Billy was in fine form and the audience was treated to his unique sense of humour through his between-song banter with James Iha, who did most of the interacting with the audience. Billy told the crowd about his adventures around Ottawa that day with his kids, and the helpful Canadian he encountered before performing, with James, a wonderful acoustic version of ‘Tonight Tonight’ and inviting those who know the words to sing along and those who didn’t to “get the fuck out!” Billy’s kids also joined the band on stage later in the night, to the delight of the audience, they appeared to be having the time of their life and were showing off some excellent dance moves, clearly very comfortable in the spotlight.

Other humorous moments of the night included the joke that it was James Iha Jr performing tonight, who then isn’t old enough to remember the beginnings of the band and revealing that his grandfather had won the Stanley Cup as a goalie back in 1931 but Billy stumbled on the name of the trophy calling it the Planley Cup. 

The band played right to eleven with no leaving and coming back for an encore nonsense. Although many would think ‘Bullet With Butterfly Wings’ would have made the best choice for last song, they only made the crowd wait half way through the set for that favourite, which was a definite highlight of the night. The band finished instead with ‘Cherub Rock’ followed by ‘Zero’.

The Smashing Pumpkins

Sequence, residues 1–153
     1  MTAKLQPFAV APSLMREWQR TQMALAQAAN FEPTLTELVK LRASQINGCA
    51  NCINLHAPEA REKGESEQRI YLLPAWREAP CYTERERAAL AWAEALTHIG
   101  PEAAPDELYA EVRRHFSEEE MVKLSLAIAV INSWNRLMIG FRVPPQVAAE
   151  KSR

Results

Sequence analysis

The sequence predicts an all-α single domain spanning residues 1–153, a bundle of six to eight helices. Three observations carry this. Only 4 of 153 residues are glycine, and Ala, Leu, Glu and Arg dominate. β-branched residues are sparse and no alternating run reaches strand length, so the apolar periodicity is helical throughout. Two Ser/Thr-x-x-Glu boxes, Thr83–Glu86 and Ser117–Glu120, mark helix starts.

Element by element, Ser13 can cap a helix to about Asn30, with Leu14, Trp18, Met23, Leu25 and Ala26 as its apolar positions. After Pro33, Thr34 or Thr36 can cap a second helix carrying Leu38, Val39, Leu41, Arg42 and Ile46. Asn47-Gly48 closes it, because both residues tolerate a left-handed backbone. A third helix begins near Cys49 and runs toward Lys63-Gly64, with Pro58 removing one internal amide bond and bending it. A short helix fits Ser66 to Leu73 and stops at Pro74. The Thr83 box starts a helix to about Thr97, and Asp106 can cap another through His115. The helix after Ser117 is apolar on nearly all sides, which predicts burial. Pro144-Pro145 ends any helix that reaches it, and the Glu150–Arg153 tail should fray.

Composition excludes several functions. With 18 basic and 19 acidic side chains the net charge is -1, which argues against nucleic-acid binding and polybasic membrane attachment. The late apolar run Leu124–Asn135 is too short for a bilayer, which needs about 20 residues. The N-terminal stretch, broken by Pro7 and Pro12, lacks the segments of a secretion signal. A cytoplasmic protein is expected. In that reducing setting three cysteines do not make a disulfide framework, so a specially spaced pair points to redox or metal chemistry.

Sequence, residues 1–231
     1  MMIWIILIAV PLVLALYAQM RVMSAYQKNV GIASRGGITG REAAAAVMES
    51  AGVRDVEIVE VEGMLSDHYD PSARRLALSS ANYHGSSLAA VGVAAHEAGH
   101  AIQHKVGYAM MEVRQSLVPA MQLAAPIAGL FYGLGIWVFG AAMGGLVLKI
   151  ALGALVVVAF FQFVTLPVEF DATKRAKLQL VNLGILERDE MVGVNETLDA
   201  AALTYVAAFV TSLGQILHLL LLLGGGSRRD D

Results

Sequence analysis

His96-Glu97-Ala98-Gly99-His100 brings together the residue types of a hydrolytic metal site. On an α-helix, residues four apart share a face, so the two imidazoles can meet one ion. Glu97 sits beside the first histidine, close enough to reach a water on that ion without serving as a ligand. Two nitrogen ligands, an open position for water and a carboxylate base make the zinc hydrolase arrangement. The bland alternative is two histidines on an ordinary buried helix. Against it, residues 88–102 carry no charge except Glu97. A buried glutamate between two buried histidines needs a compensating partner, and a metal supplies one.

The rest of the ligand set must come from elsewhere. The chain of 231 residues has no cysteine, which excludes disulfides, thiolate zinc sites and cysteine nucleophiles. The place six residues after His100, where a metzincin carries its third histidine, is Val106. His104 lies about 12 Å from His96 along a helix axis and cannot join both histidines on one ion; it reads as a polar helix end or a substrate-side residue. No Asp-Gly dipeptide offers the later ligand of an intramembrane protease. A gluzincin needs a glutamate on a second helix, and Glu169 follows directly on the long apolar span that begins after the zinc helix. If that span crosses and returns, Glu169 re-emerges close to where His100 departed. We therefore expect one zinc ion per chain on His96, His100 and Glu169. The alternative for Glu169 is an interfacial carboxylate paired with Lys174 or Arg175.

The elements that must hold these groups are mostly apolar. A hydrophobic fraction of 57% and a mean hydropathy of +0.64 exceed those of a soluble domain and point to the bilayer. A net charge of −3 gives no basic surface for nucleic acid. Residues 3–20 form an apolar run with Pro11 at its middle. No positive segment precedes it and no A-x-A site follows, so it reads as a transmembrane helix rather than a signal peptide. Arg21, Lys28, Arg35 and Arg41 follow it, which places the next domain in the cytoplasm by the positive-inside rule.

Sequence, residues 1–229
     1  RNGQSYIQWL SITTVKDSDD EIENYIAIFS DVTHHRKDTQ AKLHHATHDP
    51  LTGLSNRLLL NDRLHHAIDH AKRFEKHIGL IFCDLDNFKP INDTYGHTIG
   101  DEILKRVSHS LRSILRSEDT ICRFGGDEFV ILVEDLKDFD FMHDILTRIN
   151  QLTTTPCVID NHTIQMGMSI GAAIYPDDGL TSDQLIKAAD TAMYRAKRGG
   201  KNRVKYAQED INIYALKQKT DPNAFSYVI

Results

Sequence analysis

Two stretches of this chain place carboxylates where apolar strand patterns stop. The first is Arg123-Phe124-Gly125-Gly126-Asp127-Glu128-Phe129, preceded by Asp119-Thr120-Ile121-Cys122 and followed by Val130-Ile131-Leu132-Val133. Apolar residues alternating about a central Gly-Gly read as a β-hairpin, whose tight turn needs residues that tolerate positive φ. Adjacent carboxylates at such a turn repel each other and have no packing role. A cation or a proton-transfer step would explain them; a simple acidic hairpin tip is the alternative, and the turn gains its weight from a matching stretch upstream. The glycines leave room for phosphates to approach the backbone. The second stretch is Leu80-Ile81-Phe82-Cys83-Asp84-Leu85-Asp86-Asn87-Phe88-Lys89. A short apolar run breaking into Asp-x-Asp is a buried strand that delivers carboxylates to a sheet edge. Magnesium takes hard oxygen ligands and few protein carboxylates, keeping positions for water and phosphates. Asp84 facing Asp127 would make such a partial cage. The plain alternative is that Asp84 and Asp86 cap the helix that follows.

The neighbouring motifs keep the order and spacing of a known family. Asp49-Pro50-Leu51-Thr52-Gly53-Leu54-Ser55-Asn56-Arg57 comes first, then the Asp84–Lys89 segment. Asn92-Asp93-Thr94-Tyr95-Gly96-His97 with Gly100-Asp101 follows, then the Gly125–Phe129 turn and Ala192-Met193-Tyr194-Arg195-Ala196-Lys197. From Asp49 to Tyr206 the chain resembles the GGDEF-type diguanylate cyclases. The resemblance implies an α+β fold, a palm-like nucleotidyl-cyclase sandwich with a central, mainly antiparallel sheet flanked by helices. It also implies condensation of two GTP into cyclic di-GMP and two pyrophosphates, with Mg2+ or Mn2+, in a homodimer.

Billy Corgan – lead and backing vocals, guitars
James Iha – guitars, backing and occasional lead vocals
Jimmy Chamberlin – drums
Jeff Schroeder – guitars

Touring:
Jack Bates – bass
Katie Cole – keyboards, guitars, backing vocals

Interpol
Paul Banks – lead vocals, rhythm guitar, bass guitar
Daniel Kessler – lead guitar, piano, keyboards
Sam Fogarino – drums, percussion

Touring:
Brandon Curtis – keyboards, backing vocals
Brad Truax – bass guitar, backing vocals

Rival Sons
Jay Buchanan – lead vocals, rhythm guitar,
Scott Holiday – lead guitar, backing vocals
Mike Miley – drums, backing vocals
Dave Beste – bass, backing vocals

Alan Cross

is an internationally known broadcaster, interviewer, writer, consultant, blogger and speaker. In his 40+ years in the music business, Alan has interviewed the biggest names in rock, from David Bowie and U2 to Pearl Jam and the Foo Fighters. He’s also known as a musicologist and documentarian through programs like The Ongoing History of New Music.

Alan Cross has 37001 posts and counting. See all posts by Alan Cross